Friday, May 27, 2016
Dream a Little Dream
So, the other day I woke up and wrote down a dream I just had. This was not unusual. I've been recording, on and off, strange dreams that have impressed me for years, at least since the middle 1990's. I had, in fact, written down two more during the past week. What was unusual was that I then read an article at Brain Pickings about Graham Greene and his dream diary.
Near the end of his life, Greene put together over a quarter century's worth of the most interesting of his dreams and published them in a book. Here is what he says in the introduction:
"It can be a comfort sometimes to know that there is a world which is purely one’s own — the experience in that world, of travel, danger, happiness, is shared with no one else. There are no witnesses. No libel actions. The characters I meet there have no memory of meeting me, no journalist or would-be biographer can check my account with another’s. I can hardly be prosecuted under the Official Secrets Act for any incident connected with the security services. I have spoken with Khruschev at a dinner party, I have been sent by the Secret Service to murder Goebbels. I am not lying — and yet, of all the witnesses who share these scenes with me, there is not one who can claim from his personal knowledge that what I describe is untrue." -- A World of My Own: A Dream Diary, by Graham Greene.
I thought of other author's who kept dream journals, like William S. Burroughs or Stephen King, and all the people who did it as a form of therapy. Suddenly it struck me that I had over twenty years of my own recorded dreams, scattered here and there in my files. I always wanted to collect them, put them in some cohesive order. Just now, I have plenty of down time. Why not do it at last?
That is what I've been doing for the past two weeks. I had most of the dreams gathered in a paper file. Some were typed, some hand written. There were detailed accounts, and cryptic notes. They were recorded on all sizes of ruled paper, on typing paper, and on folded tray liners from work.
I kept finding more. I recorded five "primordial" dreams that I had in childhood. I had finished typing up everything in the folder and numbering them, in chronological order, when I discovered a new cache in my journals. The numbering had to be re-done. I cursed myself every time I had not dated a dream, and even now I'm not entirely sure of the order. I kept tweaking refinements to the format, made titles for quick identification of the dreams, made an index of title and number. And most mornings would bring new dreams.
A big part of the joy of this exercise has been simply editorial. I've cut big gobs of run-on prose (my usual dream writing style) into more easily handled slices. I've removed countless "seems like"s and "kind of"s, but had to insert quite a few "that"s for clarity's sake. Also, I replaced a few unclear pronouns with definite nouns. But mostly I didn't cut or add anything to the original recounting.
One thing I've realized is that, as I've written dreams over the years, I've gotten better at recording a readable dream. You can't just write down the bare facts. You've got to put down the atmosphere, what you were feeling, the point of view. Perhaps because of all the books and movies I've consumed, my point of view isn't always me. A lot of times I'm looking at things from third person limited, or through another person. And what adventures we've had.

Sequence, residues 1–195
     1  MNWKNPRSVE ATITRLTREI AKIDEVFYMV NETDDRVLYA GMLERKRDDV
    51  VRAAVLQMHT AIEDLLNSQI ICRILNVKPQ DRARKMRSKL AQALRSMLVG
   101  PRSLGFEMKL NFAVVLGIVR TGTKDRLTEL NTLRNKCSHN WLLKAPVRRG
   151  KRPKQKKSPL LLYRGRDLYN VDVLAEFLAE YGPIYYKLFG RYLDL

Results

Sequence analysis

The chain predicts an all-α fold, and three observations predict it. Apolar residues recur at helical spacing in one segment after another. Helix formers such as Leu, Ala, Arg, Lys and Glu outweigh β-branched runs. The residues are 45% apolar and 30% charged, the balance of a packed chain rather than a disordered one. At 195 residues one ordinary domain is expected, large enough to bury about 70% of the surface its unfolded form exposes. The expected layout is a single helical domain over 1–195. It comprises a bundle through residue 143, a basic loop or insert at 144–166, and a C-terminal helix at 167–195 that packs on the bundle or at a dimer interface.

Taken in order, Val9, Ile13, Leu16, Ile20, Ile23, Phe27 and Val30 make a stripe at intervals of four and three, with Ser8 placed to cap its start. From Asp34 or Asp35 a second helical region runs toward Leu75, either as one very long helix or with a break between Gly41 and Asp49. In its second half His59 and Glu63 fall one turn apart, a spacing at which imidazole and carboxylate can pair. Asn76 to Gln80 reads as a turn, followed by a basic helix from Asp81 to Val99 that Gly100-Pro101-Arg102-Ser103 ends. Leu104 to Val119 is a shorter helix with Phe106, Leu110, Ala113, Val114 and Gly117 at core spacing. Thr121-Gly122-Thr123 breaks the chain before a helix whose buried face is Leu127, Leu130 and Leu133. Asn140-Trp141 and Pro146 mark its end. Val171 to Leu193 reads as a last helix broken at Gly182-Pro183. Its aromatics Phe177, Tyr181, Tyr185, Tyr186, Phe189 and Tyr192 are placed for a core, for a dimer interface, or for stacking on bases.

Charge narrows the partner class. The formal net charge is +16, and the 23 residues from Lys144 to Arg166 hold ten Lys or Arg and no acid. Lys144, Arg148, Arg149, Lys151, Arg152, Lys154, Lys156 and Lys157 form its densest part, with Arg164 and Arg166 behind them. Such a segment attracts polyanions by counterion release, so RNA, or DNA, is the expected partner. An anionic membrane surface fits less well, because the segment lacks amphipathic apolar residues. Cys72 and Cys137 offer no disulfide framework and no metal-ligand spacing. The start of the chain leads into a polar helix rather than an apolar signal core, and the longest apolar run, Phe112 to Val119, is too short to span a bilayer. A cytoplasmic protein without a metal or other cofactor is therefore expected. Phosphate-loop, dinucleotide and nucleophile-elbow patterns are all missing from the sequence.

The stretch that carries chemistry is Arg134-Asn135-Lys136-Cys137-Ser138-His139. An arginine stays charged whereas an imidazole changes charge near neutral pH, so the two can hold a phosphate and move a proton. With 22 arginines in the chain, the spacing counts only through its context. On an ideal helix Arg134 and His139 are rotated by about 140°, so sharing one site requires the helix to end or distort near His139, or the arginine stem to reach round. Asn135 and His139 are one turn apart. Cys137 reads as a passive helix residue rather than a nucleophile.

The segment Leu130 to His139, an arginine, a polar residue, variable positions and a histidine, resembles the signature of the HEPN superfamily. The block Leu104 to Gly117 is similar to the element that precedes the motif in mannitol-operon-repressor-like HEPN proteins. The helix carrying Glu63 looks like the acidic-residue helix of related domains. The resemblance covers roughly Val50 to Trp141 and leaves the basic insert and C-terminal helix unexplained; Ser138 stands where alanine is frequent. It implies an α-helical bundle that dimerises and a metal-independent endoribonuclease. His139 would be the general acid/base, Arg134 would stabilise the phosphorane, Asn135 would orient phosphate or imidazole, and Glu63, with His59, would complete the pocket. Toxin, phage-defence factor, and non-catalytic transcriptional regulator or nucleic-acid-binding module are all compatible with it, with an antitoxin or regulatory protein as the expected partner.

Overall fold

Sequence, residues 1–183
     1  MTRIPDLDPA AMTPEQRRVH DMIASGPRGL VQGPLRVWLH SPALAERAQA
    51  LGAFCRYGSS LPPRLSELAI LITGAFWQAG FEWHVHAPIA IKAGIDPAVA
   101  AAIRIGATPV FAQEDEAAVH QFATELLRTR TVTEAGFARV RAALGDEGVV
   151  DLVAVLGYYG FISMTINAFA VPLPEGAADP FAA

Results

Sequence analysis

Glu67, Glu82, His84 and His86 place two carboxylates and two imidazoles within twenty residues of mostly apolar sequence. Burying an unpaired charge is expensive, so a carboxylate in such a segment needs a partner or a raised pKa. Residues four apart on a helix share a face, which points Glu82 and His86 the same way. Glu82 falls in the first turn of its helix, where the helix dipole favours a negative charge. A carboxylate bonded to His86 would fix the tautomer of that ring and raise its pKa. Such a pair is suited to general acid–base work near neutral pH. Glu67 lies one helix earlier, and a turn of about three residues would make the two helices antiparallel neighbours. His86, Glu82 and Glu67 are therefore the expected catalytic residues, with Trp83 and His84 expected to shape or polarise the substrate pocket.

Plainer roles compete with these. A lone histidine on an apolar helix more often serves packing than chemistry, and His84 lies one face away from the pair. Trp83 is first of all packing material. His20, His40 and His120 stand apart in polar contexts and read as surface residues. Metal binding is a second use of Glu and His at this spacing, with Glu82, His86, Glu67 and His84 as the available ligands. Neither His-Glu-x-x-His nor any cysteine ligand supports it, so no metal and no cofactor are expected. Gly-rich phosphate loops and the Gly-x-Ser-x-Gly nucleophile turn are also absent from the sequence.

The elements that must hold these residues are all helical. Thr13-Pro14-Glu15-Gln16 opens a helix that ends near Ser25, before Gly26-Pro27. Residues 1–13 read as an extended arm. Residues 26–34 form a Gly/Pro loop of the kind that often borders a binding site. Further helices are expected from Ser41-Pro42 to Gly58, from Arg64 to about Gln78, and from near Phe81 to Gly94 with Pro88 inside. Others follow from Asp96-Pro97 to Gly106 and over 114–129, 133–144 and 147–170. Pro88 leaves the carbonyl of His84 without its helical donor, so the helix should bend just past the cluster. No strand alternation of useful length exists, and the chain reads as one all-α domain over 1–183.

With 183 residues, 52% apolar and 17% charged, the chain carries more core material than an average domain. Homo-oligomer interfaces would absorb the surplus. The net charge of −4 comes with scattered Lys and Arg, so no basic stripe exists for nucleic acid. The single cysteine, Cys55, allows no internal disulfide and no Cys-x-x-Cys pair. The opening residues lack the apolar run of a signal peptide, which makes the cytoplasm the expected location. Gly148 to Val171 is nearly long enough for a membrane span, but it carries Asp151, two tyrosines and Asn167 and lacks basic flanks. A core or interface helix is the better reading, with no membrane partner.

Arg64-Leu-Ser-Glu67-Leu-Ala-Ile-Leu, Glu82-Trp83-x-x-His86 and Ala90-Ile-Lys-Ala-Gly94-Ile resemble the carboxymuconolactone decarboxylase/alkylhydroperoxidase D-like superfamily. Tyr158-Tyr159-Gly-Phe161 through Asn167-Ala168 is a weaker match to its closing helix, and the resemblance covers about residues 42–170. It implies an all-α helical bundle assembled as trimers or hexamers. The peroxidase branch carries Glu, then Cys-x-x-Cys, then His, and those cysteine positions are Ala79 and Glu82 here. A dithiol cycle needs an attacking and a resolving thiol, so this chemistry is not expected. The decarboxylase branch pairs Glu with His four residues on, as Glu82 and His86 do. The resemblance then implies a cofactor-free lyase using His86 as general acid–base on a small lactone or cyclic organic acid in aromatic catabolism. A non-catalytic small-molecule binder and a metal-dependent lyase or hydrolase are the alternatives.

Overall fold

I've seen aliens, sasquatches, and sea monsters. I've met J. R. R. Tolkien, Ursula K. LeGuin, C. S. Lewis, Mark Twain, Quentin Crisp, and the Queen of England. There were fairies, ghosts, and wizards. I have met (and been) Gandalf, Goku, and the Scarecrow. I've encountered family and familiar places in crisis situations, from floods, volcanoes, and robbery, to crashing space stations.
I've been to my grandmother's haunted (and haunting) house more times than I can remember. I've visited labyrinthine cemeteries, lost valleys, vast wooded back country, and monolithic cities, and I've wandered dark, winding streets. I go to stores with no money, find prizes that slip through my fingers, try to get a ride home, and plunge along highways out of control.
I've flown on my own, and in a surprising number of hovercars. I cast spells, perform exorcisms, and have done incredible feats of martial arts. I've changed form, both at will, and not. While I'm personally involved in most dreams, some are perfectly contained little tales of their own that I observe from afar. I've got the skeletons for at least a dozen short stories here.
Well! It's been fun collecting all these dreams into a uniform, active document. Patterns have emerged, and old times have been recalled. None have been prophetic...so far. I just added a new one today. This brings the count up to one hundred and sixty-nine, and there is no end in sight. I'm sure that, as in the past, I will grow weary of recording them, or things will get too busy. But I'm also sure that eventually, given the chance, I will come back to them. And the Dream will continue.
Labels: dream diary, dream journal, dreams, graham greene, personal
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I tried keeping a dream journal once, but it just interfered with my sleeping too much, and what I did manage to write down was more or less incoherent.
Since I published this post, I've gone on to a total of 237 dreams. The dreams I remember are usually ones I have just before waking, so they don't interfere with sleep, just my morning routine. I go to the restroom and take my medicine and so on, just mumbling the major details to myself. The I sit down and type up what I can recall. What irks me most is knowing there was a bit that led into what you remember, but it's too elusive.
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